Firm running Coronavirus database refuses to answer senators’ questions
By Sheryl Gay Stolberg
The health care technology firm that is helping to manage the Trump administration’s new coronavirus database has refused to answer questions from Senate Democrats about its $10.2 million contract, citing a nondisclosure agreement it signed with the Department of Health and Human Services.
In a letter dated Aug. 3 and obtained Friday by The New York Times, a lawyer for Pittsburgh-based TeleTracking Technologies cited the nondisclosure agreement in declining to say how it collects and shares data. The lawyer refused to share the company’s proposal to the government, its communications with administration officials and other information related to the awarding of the contract.
That contract has come under scrutiny in the wake of an abrupt decision last month by Alex Azar, the health and human services secretary, who ordered hospitals to stop reporting coronavirus patient data to the Centers for Disease Control and Prevention and instead send the information to TeleTracking for inclusion in a centralized coronavirus database. The order raised alarms about data transparency and the sidelining of CDC experts.
Later Friday, the Department of Health and Human Services official in charge of the new database, José Arrieta, abruptly resigned after only 16 months on the job, according to a report in the Federal News Network. On a conference call with reporters last month, Arrieta, the agency’s chief information officer, defended the TeleTracking contract, saying he envisioned it as a “central way to make data visible to first responders at the federal, state and local” levels. He also said the department was considering giving Congress access to the database.
“We have been transparent with data and pushed boundaries,” the Federal News Network quoted him as saying on Friday.
But that pledge for transparency seems at odds with the nondisclosure agreement. Jessica Tillipman, an assistant dean at George Washington University Law School who teaches about government contracts and anticorruption, said Friday that such agreements with government vendors were unusual.
“One of the cornerstones of the federal procurement system is transparency, so it strikes me as odd,” she said.
The government uses the data to help track the pandemic and make crucial decisions about how to allocate scarce supplies, like ventilators and the drug remdesivir, which is used to treat hospitalized COVID-19 patients. HHS officials have said the switch was necessary to speed up reporting and improve accuracy.
But the abrupt change — hospitals were given several days’ notice — has generated an outcry among public health experts and outside advisers to the health and human services agency, who say that the new system is burdening hospitals and endangering scientific integrity.
And one month into the new arrangement, there are questions about how useful the new database is. The COVID Tracking Project, a heavily used resource, reported this week that the federal data are “unreliable.” In comparing hospitalization data reported by the state and federal governments, the project has found large discrepancies in certain states.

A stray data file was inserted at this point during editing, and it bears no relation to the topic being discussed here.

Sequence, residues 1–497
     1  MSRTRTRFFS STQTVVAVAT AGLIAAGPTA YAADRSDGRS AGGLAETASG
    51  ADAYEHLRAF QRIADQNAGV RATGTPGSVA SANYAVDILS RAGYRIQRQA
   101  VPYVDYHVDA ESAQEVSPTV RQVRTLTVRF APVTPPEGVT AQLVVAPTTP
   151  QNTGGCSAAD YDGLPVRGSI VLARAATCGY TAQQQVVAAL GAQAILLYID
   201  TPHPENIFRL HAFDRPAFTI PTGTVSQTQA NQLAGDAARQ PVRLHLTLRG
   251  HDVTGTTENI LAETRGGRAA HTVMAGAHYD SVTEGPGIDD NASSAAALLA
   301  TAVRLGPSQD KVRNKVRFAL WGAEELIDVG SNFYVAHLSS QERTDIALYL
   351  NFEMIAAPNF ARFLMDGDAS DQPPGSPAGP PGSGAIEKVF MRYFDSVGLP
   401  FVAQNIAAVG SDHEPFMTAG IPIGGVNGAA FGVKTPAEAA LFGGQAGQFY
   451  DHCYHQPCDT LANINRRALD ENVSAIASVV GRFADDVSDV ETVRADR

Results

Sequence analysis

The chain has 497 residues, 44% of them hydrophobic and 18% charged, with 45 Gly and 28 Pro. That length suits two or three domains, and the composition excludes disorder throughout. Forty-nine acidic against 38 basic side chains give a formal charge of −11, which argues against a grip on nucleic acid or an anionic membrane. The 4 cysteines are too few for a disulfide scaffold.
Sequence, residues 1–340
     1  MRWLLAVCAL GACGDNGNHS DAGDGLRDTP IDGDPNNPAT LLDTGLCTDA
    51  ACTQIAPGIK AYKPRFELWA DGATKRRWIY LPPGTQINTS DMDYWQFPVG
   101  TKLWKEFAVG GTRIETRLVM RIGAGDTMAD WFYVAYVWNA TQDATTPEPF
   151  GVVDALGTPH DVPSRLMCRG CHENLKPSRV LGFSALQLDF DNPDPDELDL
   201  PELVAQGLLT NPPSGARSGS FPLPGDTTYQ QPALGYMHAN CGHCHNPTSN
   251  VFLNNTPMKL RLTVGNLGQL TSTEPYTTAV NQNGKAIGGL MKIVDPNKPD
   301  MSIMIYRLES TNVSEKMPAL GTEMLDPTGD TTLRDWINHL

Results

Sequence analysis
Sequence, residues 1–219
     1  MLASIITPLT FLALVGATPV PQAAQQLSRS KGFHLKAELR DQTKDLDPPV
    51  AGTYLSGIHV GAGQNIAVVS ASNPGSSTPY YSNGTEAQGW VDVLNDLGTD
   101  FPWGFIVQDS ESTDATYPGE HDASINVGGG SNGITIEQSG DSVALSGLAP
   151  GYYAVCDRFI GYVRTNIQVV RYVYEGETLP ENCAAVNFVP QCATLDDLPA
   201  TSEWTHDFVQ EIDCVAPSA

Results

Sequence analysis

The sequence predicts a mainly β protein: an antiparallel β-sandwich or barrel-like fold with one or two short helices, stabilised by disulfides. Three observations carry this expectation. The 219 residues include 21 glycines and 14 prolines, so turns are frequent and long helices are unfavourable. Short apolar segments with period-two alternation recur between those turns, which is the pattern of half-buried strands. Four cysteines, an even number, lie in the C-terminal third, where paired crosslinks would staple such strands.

“We felt like we had a very solid baseline current hospitalization number, and then after the switch-over, for reasons that remain somewhat obscure to us, we suddenly saw numbers jumping around in totally different ways,” Alexis Madrigal, the project’s co-founder, said in an interview.
The letter made public Friday was in response to an inquiry from Sen. Chuck Schumer of New York, the Democratic leader, and Sen. Patty Murray of Washington, the ranking Democrat on the Senate Health Committee. They wrote the company on July 22, seeking information about its arrangement with the Health and Human Services Department — “a sudden and significant departure,” they wrote, “from the way the federal government has collected public health data regarding infectious diseases in the past.”
Washington lawyer A. Scott Bolden replied on behalf of Michael Zamagias, a Pittsburgh real estate developer who is TeleTracking’s chairman and majority owner. Bolden suggested the Democrats direct questions about the contract to the government, and a health department spokeswoman said Friday that that was what members of Congress should do, adding that the agency was working to provide such information.
Murray sent a letter seeking information about the contract to the health and human services agency June 3, not quite two months after the contract was awarded, and has received no response, her office said. At the time, hospitals had the option of reporting either to TeleTracking or the CDC, and Murray’s letter asked why the government was creating “a seemingly duplicative data collection system.”
Schumer and Murray have been pushing the government to be more transparent about its collection and use of coronavirus data. The two recently introduced legislation aimed at protecting data transparency, and Schumer has raised the issue with Mark Meadows, the White House chief of staff, and Treasury Secretary Steven Mnuchin, according to a person familiar with their discussion.
“The Trump administration’s decision to hire a private vendor and then cloak that vendor in a nondisclosure agreement raises numerous questions about their motivations and risks the ability of our public health experts to understand and effectively fight this virus,” Schumer said Friday in a statement.
The manner in which the contract was awarded has also generated confusion. A government website initially listed it as a “sole source” contract, but health department officials later said there were six bidders, although they would not name the others, saying they were “prohibited from sharing that information by federal regulations and statutes.”
Tillipman said keeping the names of bidders a secret is also unusual.